How to Lark

Practical wisdom from experienced Larkies

What to Bring to Camp

You’ll be living in the redwood forest for eight nights, and there are things you’ll want to bring. For example, it is imperative that you have a flashlight and replacement batteries – either a headlamp or small pocket-sized version – to walk safely at night in the many unlit areas of camp. But there are many other things you’ll want to consider, so check out Dana’s List! Thoughtfully compiled over the years by one of our regular campers, Dana Dubinsky, it’s comprehensive!

Getting Around

  • You may bring a bicycle to ride between camps on the main road (but bikes MUST be walked on footpaths). It is roughly one mile from Camp 1 to Camp 3, and another quarter mile to Camp 2.
  • To prevent dust and shuttle bus encounters, no driving is permitted once you’re settled in camp. When you arrive, you’ll drive to where you need to unload your gear, and then move to park in central parking areas for the duration of camp. The road is a well-managed, single lane with small passing areas.
  • There are free shuttles! There are shuttle stops throughout the park, and they run from 8:30 am till 3:00 am, so you won’t miss all the late night fun and find yourself walking in the dark. If you have large instruments to haul to workshops, you’ll love the shuttles.


Breakfast is served from 8:00 to 10:00, lunch from 12:00 to 2:00 pm, and dinner from 6:30 to 8:30.

NOTE: Last Friday mealtimes are different; brunch is served from 8 – 1:30, and dinner from 5:30 – 8:00pm. No breakfast is served on the departure day, August 3.


AT CAMP: We have one or more instrument stores at camp for you to buy instruments, strings, picks, etc. Lark in the Morning music store will be in Camps 1 and 2. Jason Cool will have his Musical Instrument Library in Camp 3. Camp 3 also has a Lark store for basic needs like batteries and tissues. Often you can find instruments and tune books at both Swap Meets – see Events.

WE MAY HAVE MASSAGE IN 2024 – PLEASE CHECK BACK. Restorative massage is usually available at Lark Camp thanks to several Licensed or Certified Massage Therapists who come each year, but this year is an exception. We hope to bring it back in 2024. (Ordinarily, you’ll find sign-up sheets for appointments at the dining halls. Please be considerate of the therapists – honor your appointments, or offer to pay if you miss yours!)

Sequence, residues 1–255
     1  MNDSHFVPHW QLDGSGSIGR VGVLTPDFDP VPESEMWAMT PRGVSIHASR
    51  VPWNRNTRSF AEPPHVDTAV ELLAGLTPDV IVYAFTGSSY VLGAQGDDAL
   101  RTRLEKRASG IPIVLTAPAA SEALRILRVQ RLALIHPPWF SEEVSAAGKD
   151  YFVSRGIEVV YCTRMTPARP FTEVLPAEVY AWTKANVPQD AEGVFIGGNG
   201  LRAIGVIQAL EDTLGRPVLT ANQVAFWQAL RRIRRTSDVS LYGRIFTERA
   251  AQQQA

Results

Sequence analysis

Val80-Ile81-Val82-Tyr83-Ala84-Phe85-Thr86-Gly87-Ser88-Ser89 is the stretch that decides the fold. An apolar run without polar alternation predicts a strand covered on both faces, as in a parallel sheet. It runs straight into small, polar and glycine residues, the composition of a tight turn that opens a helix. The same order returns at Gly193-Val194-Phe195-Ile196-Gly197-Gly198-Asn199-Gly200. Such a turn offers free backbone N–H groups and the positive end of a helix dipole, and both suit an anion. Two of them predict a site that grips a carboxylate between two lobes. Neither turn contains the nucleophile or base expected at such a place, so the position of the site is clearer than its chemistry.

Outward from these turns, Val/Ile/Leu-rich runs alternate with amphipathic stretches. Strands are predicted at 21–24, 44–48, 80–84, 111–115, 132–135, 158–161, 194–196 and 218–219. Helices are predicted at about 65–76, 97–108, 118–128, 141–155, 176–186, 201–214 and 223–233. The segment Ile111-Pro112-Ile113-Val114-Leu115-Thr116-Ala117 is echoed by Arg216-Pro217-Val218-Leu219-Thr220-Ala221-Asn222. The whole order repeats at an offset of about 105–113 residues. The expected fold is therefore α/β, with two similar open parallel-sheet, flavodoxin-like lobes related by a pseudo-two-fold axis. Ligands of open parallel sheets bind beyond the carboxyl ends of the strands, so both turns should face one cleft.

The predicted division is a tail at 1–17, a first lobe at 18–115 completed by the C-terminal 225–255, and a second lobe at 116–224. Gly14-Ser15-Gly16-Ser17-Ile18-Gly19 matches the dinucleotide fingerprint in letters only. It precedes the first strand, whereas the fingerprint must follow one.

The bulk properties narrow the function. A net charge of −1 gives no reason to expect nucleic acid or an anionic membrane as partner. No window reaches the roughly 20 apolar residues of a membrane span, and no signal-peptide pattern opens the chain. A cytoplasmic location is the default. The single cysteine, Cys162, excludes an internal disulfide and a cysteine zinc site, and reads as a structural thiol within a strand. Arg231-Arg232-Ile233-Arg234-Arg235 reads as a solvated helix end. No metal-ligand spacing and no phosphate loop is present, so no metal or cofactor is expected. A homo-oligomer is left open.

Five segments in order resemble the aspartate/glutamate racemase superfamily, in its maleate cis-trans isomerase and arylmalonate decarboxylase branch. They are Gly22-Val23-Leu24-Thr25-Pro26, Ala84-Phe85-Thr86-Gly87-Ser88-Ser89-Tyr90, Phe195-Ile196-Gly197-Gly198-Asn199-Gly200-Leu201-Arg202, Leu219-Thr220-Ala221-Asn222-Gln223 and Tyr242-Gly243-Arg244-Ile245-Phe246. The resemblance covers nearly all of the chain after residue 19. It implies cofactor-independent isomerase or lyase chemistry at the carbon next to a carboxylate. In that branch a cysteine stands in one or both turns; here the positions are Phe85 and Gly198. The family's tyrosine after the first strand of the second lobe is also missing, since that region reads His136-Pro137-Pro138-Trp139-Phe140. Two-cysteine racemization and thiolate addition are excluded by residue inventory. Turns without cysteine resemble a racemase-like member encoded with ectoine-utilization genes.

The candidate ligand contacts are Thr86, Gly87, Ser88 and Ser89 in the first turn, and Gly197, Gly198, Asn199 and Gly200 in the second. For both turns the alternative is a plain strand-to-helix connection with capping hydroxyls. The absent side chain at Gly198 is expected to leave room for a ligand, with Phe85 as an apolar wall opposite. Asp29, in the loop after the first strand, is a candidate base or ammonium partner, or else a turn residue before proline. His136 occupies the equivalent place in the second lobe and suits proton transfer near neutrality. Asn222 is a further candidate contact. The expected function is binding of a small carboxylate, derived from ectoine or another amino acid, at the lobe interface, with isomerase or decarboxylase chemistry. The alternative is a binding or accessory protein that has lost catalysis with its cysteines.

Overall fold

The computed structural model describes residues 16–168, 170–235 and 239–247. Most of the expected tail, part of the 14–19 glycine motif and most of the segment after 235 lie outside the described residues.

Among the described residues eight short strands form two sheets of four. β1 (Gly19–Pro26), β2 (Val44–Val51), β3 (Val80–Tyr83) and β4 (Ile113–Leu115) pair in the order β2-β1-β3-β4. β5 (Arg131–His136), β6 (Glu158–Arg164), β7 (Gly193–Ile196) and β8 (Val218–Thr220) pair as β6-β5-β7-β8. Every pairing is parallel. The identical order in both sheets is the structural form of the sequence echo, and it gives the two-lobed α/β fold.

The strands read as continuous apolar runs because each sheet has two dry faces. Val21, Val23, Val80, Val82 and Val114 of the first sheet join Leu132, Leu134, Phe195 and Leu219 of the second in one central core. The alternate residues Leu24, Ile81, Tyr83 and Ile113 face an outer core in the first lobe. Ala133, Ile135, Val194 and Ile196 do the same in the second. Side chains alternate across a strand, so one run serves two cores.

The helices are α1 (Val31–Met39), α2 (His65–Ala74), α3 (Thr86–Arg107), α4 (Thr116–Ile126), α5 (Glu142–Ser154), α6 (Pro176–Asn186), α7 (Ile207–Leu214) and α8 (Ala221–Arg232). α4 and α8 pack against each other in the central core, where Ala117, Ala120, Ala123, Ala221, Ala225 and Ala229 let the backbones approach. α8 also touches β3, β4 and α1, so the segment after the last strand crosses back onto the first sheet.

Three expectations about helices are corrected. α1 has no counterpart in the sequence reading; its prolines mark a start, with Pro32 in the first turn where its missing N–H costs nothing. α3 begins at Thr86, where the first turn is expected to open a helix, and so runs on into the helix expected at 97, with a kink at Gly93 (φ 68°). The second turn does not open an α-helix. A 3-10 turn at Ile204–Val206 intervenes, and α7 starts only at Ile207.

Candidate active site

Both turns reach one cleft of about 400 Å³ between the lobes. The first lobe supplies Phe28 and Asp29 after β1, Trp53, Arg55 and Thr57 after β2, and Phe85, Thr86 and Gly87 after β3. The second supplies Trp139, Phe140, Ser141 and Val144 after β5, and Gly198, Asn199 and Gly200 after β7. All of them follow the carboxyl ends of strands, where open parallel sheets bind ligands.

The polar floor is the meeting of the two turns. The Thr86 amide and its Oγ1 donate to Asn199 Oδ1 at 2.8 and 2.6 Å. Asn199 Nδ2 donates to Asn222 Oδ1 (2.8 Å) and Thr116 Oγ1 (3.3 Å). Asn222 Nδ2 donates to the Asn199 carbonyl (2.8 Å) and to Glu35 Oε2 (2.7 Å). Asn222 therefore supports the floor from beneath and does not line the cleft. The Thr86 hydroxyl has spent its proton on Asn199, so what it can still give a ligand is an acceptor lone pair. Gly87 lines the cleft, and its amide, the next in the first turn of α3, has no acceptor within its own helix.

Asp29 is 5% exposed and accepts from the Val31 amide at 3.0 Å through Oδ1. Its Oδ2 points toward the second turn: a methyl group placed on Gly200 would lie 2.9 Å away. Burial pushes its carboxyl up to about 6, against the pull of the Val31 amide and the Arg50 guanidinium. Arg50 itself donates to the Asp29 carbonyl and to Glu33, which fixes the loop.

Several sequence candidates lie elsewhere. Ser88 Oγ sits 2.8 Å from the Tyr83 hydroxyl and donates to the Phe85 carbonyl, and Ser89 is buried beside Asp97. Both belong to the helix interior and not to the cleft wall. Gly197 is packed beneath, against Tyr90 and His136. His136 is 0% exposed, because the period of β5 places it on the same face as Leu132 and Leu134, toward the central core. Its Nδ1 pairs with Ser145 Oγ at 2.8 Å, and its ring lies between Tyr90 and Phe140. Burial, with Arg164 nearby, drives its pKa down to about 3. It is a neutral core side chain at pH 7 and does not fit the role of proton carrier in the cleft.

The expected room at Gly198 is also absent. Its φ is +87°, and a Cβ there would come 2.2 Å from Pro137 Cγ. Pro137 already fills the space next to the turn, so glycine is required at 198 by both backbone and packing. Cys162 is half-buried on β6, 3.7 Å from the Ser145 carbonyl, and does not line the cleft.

There is no WiFi at Camp. It’s frustrating…and kind of wonderful. Phone reception is VERY limited.


BEFORE AND AFTER CAMP: In the town of Mendocino, there are several restaurants, but Larkies are awfully fond of getting coffee and treats before camp, and breakfast the morning we leave camp at the GoodLife Bakery & Cafe. If you realize you forgot your toothbrush or other grocery/sundry item, Harvest Market at Mendosa’s will have what you need, and they own Mendocino Hardware right next door for anything else you might need on the spur of the moment!

Lark Camp Music Library

You can find music notation and links to audio recordings for tunes that have been taught at Lark Camp in the past, and in some cases before camp. It does not include ALL our instructor materials (often handed out during workshops), but if they’ve told you you’ll be able to find it on the website, dis is da place!

Pesky Pests

Lark Camp regularly has these pesky things:

  • Insects are numerous – we cannot lie. The products that work most reliably for mosquitoes is DEET or Picaridin, but many people have good luck with other repellents. Covering up with clothing helps, too.
  • Poison oak – Not everyone has a reaction, but poison oak plants have an irritating oil that can produce swelling and blisters where it has made contact with your skin. You’ll want to educate yourself and your kids about its appearance; groups of three leaves can be shiny or dull, and green or red. The most important thing to do if you’ve gotten oil on your skin from contact with the plant, is to wash – use soap (which dissolves the oil) AND friction ASAP. Carefully remove clothing that has contacted the plants and save it to wash when you get home. For some folks, poison oak reactions can be severe enough to warrant a visit to a doctor for a steroid prescription. The best medicine: avoidance!
  • Dust – well, you’re outdoors. Dust is unavoidable! The Mendocino Woodlands does its best to minimize airborne dust, but if you’re particularly sensitive, proactively following your regular allergy protocols will keep you comfortable.

Vashon Poison Oak“Vashon Poison Oak” by is licensed under CC BY-SA 2.0